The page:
On the day that Corey Lewandowski was ousted as Donald Trump’s campaign manager, it was notable who did the round of interviews and offered spin control: Donald Jr., Trump’s eldest son. “Things had to change,” he told Good Morning America. “It is not an easy thing to do. He got my father to where we are today, which is historic… There is time to move on.”
Although Trump’s glamorous daughter Ivanka has been a visible and constant presence on the campaign trail, Trump’s sons, Donald Jr., 38, and Eric,32, have only emerged as public spokesmen for their father when Trump’s campaign began to falter. Yet, the two have equally important roles in the Trump business empire — and the presidential campaign. In fact, Donald Jr. told reporters that he was involved in the decision to fire Lewandowski. Some press reports noted that Eric and Ivanka were also part of the process.
And, it’s likely that if Trump were elected president, the two sons most certainly would be key advisers as well.
So who are they?
Not quite as at ease in the limelight as their sister, who had briefly been a runway model, the Trump sons have been serving and advising their father behind the scenes for years –and working together as a unit.
A few years ago, I interviewed all three siblings for a book about their father (I didn’t talk to their much younger half siblings, Barron, 10, and Tiffany, 22), and the three described themselves as equal and almost interchangeable parts of the family business. They tend to share responsibilities and move fluidly to fill-in for each other when necessary. “We cognitively work on that,” explained Donald Jr., noting their offices are next to each other and they also socialize frequently. “We see each other and work together every day, and we still choose to vacation together with what little time we get off.”
Trump Jr. the Fixer
Trump Jr.’s role in the Lewandowski dismissal was consistent with the troubleshooting he has done in the past for his father–behind the scenes.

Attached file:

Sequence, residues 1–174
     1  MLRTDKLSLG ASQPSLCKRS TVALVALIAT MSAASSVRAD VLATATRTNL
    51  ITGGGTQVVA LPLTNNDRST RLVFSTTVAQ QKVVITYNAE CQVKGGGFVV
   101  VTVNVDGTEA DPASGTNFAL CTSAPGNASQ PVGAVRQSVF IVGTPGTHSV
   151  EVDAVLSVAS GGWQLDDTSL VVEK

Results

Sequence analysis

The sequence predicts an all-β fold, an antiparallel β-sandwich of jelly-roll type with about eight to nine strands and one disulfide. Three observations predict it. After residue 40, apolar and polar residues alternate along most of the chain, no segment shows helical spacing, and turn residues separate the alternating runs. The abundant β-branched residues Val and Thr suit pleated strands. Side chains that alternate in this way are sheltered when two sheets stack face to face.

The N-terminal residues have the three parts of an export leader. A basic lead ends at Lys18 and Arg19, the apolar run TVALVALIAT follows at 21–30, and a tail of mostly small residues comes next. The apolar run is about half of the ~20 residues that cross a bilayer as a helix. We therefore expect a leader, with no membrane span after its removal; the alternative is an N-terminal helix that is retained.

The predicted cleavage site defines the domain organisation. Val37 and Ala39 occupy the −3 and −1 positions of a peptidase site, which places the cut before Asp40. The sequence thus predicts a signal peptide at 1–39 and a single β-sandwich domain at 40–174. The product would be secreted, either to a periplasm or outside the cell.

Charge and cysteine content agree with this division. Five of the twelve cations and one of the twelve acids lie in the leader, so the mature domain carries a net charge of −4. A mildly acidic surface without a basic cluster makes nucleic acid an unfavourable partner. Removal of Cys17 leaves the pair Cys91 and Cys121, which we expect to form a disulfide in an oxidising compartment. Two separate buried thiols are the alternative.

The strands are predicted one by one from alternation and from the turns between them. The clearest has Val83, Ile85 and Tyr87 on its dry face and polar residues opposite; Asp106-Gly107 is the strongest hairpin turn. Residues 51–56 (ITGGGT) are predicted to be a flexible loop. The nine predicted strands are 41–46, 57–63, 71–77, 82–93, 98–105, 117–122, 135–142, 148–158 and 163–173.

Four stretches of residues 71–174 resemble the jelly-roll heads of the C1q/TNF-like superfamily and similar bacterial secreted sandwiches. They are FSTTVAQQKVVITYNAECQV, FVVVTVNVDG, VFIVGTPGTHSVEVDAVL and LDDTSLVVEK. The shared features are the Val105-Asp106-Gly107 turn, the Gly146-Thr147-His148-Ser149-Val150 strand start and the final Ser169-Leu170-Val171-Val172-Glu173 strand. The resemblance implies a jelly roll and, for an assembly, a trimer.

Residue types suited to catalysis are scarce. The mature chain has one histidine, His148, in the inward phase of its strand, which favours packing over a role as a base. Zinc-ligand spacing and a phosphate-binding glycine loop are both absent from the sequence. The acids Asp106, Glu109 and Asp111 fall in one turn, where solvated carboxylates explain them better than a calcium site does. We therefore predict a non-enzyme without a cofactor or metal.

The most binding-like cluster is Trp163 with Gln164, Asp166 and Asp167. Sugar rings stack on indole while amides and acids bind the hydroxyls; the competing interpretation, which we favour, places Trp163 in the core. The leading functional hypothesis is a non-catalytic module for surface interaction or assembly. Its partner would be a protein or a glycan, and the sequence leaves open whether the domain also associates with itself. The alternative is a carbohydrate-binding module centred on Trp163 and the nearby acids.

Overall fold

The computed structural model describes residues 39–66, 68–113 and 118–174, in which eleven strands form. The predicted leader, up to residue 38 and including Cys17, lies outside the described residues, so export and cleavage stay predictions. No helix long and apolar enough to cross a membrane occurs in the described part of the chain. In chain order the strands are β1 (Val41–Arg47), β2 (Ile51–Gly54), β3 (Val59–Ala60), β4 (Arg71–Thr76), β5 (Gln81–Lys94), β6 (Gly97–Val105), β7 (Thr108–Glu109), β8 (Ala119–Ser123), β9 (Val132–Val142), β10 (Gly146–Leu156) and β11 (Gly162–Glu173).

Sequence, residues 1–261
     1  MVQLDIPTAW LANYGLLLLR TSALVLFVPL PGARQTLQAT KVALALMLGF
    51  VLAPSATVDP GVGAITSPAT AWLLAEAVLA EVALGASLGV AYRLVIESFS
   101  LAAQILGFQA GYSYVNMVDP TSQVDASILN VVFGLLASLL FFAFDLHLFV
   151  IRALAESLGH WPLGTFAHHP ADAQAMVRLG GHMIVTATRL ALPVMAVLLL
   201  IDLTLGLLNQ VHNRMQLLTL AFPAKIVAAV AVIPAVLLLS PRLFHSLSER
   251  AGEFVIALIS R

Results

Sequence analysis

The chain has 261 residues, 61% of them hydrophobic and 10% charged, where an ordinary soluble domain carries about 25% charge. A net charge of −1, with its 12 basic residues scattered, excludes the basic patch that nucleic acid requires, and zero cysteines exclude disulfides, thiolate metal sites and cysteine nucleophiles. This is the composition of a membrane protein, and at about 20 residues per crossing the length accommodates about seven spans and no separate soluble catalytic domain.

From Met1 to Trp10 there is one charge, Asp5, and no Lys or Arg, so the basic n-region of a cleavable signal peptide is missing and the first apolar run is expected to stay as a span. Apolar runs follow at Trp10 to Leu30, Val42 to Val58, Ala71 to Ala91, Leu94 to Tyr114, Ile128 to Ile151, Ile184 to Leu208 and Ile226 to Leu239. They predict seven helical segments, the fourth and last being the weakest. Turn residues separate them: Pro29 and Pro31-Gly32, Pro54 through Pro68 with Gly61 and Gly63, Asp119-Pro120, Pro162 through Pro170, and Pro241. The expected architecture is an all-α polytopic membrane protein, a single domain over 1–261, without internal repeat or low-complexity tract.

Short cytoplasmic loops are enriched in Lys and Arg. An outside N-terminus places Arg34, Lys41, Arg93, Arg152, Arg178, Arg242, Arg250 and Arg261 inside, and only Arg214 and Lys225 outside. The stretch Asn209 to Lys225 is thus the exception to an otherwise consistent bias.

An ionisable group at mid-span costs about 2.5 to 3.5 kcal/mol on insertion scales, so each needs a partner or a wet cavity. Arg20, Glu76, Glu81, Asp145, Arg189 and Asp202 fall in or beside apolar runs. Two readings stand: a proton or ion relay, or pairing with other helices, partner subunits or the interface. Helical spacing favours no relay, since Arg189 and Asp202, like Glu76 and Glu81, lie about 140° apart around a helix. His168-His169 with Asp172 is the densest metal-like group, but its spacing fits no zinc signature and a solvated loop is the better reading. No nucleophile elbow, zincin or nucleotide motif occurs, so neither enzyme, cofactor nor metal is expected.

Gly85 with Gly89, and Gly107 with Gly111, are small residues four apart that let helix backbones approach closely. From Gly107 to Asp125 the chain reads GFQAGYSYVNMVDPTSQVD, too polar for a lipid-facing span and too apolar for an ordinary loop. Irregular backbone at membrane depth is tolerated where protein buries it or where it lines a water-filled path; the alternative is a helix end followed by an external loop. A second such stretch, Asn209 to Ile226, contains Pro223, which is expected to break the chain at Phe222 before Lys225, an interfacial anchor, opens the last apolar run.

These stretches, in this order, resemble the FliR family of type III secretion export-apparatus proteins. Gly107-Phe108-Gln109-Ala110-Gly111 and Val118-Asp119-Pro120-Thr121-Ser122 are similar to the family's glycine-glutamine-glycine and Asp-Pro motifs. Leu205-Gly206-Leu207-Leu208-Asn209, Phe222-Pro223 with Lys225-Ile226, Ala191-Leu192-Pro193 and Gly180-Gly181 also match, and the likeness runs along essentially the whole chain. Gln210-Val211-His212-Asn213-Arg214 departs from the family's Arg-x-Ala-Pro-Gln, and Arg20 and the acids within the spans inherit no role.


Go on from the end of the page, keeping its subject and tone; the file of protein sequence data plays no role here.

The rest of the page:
Unlike his brother and sister, Donald Jr. didn’t enter the real estate trade straight out of college. After he graduated from the University of Pennsylvania he spent the better part of two years tending bar and having fun in Colorado. He also became an expert hunter and outdoorsman, which distinguished him from his father, whose main experience with wildlife involves gazing down at birds from the top of Trump Tower. The junior Trump’s avocations have helped him serve as a campaign surrogate among groups devoted to hunting, fishing, and conservation.
Although he describes himself as a driven always-on person, Donald Trump Jr. displays little of the public bombast that is his father’s trademark. Nonetheless he is a true loyalist, willing to fight hard when Trump’s interests are threatened.
This was especially evidence when Trump Jr. took the lead in one of the most controversial battles, over the development of a golf course on an ecologically sensitive site near Aberdeen in Scotland. Trump Jr. was effective working behind the scenes, making buy-out offers to property owners, conferencing with lawyers and lobbying politicians. After the Trump company was granted the right to build on fragile seaside dunes, Donald Jr. represented his father in a bitter struggle against a wind turbine project championed by Scotland’s First Minister Alex Salmond.
As Salmond turned from friend to foe, Donald Jr. showed that he could be a street fighter like his dad. He publicly attacked Salmond, claiming the Trumps were victims for taking an ethical stand; he alleged Salmond retaliated against them for not supporting his government’s decision to send imprisoned Lockerbie bombing conspirator Abdelbaset al-Magrahi home because he was dying.
“He asked us to support his decision to release a terrorist that killed hundreds of people,” said Donald Trump Jr. in an interview with The Scotsman of Glasgow. “Ever since we refused to do that he has been a total enemy of ours.”